Reproduction

Schistosoma mansoni is a dioecious species, with the male and female individuals being separate. Females spend much of their time wrapped inside the body groove of male worms, resulting in near constant mating. (Bogitsh, et al., 2005; Harrison and Bogitsh, 1991)

Female worms deposit 190 to 300 eggs daily, each measuring 114 to 175 micrometers long by 45 to 68 micrometers wide and bearing a prominent, lateral spine. At the time of fertilization, the sex of worms is genetically determined. (Bogitsh, et al., 2005)

  • Breeding interval
    Schistosoma mansoni breeds daily.
  • Breeding season
    Schistosoma mansoni breeds year round.
  • Range number of offspring
    190 to 300
  • Average age at sexual or reproductive maturity (female or asexual)
    21 days
  • Average age at sexual or reproductive maturity (male)
    21 days

There is no parental investment after the eggs are released. Post-hatching, the free swimming miracidia are on their own to penetrate a suitable snail host within a few hours or they will die. (Bogitsh, et al., 2005; Harrison and Bogitsh, 1991)

  • Parental Investment
  • no parental involvement

Lifespan/Longevity

Once a schistosome enters the snail intermediate host, development requires 3 to 4 weeks on average. In the human host, the organism will generally live another 7 to 8 weeks. On average, Scistosoma mansoni lives about 80 days. (Bogitsh, et al., 2005)

  • Average lifespan
    Status: wild
    80 days

Behavior

Schistosoma mansoni is a parasite that has both an intermediate and a definitive host. In most cases, the intermediate host is a freshwater snail from the genus Biomphlaria, and the definitive host is a human. Most commonly these parasites infect a human host by piercing the skin and moving into the blood stream. The parasites, as miracidium larvae, are motile and can swim, allowing them to search for an intermediate host. Cercariae are also motile, as they swim from their intermediate snail hosts to their definitive host. Adults remain within the host, with males and females often together as a mating pair, with the female residing in a groove in the body of the male. (Cameron, 1962; Chandler, 1961; Weil and Kvale, 1985)

Home Range

Adults remain within the host. Miracidia and cercariae are free-swimming, but likely do not swim far from areas with potential hosts. (Cameron, 1962; Chandler, 1961; Weil and Kvale, 1985)

Communication and Perception

Schistosoma mansoni communicates through chemical means. Individuals have several receptors, including several ligand-gated channels that respond to chemical changes in the internal environment of their host. Once inside of their host, intermediate or definitive, they are not known to make many changes to its chemistry, but they are thought to protect themselves from localized immune system signals and enzymatic activity by releasing their own signals that lessen or weaken the signals of the host. Individuals live independently in freshwater during the miracidium stage for a short time. Under this condition, the parasite is sensitive to temperature and pressure changes. (Berriman and El-Sayed, 2009; Verjovski-Almeida, 2003)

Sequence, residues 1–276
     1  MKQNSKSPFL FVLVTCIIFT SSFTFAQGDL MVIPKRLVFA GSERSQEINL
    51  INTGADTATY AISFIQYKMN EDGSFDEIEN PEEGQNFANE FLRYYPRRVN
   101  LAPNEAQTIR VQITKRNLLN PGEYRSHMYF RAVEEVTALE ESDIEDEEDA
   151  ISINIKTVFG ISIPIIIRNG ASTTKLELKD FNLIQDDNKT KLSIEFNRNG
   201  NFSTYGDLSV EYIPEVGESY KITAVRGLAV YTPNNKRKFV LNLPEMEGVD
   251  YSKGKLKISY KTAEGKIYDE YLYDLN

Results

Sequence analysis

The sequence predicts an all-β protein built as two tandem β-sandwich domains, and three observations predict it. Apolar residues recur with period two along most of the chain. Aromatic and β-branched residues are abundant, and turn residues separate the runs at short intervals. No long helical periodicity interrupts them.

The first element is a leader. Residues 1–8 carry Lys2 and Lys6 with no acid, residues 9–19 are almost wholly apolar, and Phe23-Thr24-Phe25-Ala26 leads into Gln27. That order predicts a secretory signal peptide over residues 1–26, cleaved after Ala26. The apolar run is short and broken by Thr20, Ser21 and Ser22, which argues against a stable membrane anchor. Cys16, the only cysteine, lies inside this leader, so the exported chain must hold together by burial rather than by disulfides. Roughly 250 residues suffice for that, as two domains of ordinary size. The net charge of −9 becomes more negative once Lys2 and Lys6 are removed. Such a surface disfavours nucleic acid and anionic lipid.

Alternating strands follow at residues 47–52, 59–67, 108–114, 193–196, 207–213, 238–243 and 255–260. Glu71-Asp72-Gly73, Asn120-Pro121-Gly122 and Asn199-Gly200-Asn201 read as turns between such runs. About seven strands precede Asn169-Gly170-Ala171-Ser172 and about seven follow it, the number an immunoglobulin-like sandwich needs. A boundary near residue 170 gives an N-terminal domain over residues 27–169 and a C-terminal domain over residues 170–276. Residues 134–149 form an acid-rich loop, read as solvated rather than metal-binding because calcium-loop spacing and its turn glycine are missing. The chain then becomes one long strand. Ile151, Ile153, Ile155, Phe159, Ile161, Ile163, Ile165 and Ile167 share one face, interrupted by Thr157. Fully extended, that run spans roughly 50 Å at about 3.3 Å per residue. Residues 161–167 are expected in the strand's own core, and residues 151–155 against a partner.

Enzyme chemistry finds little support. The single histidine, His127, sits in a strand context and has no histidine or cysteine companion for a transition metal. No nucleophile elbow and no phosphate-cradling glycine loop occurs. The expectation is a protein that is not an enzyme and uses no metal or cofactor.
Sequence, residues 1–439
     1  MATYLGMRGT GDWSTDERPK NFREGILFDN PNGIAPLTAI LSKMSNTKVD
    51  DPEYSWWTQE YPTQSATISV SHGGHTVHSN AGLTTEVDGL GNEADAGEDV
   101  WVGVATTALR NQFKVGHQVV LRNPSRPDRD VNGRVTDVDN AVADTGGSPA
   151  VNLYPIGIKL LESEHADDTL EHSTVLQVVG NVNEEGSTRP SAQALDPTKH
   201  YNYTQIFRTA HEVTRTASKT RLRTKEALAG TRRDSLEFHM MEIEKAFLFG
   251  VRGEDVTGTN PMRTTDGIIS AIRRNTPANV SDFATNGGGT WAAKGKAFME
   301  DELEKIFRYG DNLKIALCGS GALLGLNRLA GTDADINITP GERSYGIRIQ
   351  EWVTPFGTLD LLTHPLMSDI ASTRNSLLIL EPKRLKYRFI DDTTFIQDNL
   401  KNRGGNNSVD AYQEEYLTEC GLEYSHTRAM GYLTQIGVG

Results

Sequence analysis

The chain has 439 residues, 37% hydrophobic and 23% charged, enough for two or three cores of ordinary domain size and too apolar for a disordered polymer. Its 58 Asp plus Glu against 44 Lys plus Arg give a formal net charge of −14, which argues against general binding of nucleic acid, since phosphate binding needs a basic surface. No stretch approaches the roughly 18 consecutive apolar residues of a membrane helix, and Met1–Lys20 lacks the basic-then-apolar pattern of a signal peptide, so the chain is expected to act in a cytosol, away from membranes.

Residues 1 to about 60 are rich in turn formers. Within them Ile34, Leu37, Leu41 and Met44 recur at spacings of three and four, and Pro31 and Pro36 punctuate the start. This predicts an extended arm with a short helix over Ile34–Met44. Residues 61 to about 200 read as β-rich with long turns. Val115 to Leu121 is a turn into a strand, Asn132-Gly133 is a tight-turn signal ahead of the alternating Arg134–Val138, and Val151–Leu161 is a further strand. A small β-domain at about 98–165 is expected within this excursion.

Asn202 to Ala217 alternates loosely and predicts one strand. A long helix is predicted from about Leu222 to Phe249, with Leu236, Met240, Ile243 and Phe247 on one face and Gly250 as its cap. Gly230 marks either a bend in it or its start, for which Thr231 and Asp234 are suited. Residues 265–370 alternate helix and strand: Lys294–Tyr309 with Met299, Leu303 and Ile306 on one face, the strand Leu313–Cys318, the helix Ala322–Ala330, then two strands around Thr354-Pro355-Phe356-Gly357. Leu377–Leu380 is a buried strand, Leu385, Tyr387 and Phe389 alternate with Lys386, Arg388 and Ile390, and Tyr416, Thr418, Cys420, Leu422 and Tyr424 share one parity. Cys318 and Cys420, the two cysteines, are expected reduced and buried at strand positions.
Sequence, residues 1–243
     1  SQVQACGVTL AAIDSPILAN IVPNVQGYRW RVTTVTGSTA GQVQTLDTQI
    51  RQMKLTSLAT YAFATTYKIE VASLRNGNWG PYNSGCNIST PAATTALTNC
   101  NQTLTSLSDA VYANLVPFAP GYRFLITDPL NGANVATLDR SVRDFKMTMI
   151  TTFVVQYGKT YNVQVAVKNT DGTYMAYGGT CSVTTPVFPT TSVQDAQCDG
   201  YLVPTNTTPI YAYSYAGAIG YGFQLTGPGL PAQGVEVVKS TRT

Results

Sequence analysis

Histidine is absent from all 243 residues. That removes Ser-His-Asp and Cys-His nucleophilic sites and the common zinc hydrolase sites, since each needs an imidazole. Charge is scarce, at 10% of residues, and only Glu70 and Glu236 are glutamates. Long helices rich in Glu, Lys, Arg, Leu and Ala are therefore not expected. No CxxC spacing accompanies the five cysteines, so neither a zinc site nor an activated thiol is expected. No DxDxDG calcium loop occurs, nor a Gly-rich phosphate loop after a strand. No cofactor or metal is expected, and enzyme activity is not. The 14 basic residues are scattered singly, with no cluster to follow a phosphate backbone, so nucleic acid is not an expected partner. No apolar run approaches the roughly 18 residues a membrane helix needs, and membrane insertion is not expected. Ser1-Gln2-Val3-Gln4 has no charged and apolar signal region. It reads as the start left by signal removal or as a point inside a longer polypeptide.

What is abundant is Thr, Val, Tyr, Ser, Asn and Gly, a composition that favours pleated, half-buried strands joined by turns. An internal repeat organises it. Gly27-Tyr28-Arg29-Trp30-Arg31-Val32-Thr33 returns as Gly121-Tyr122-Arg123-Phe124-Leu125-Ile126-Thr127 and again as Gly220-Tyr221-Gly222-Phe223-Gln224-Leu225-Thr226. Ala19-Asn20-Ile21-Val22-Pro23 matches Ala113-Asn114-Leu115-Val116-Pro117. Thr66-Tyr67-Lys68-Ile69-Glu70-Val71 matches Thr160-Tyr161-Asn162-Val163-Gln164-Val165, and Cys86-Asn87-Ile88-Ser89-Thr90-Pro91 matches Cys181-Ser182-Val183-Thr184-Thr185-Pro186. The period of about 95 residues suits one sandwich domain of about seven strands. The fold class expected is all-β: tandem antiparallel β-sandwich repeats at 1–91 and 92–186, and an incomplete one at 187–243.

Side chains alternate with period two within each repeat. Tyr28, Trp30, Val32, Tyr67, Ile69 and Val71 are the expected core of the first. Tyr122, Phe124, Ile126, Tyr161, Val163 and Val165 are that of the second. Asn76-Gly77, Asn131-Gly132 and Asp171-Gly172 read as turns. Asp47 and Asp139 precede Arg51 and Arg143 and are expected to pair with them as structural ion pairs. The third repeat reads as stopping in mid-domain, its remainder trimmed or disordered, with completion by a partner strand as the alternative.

Food Habits

As a parasite, the dietary needs of Schistosoma mansoni are almost solely fulfilled by the host. The parasite mainly gains nourishment from the blood of the host, feeding on proteins and monosaccharides. Specifically, Schistosoma mansoni consumes a lot of glucose, which the parasite uses to generate energy that it requires for reproduction and other activities. If the host is malnourished, then there are negative effects on the development of the parasite. For example, males of Schistosoma mansoni have been known to have smaller testes when found in a malnourished host than when found in a well-nourished host. Similarly, the ovaries of females are smaller and less abundant when in a malnourished host. (Cameron, 1962; Neves, 2001)

  • Animal Foods
  • mammals
  • mollusks

Predation

Predation on snails (genus Biomphlaria) that are infected with Schistosoma mansoni is not uncommon, but direct predation on the parasites themselves is not widely known. It has, however, been noted that free-living miracidia (prior to infecting a snail) are often preyed upon by certain annelids like those of the genus Chaetogaster. (Wajdi, 1964)

Ecosystem Roles

Individuals of Schistosoma mansoni are found in freshwater environments. Location and distribution vary depending on region and time of year. They are predominantly found in bodies of fresh water with irrigation systems, because the environment remains generally stable. Because they are parasitic, they infect other species in the bodies of water in which they dwell. Most often, they initially infect snails in the family Planorbidae, particularly of the genus Biomphlaria. Other organisms such as monkeys, rats, and other rodents, can be infected themselves by ingesting infected snails. Humans tend to become infected through contact with contaminated water rather than by consumption of infected snails. (Weil and Kvale, 1985)

Species Used as Host

Economic Importance for Humans: Positive

Schistosoma mansoni was one of the first flatworms to have a fully mapped genome, thus allowing much genetic research about the disease schistosomiasis and its prevention/cure. By creating so many research opportunities, Schistosoma mansoni has inadvertently stimulated the economy. (Berriman and El-Sayed, 2009)

  • Positive Impacts
  • research and education

Economic Importance for Humans: Negative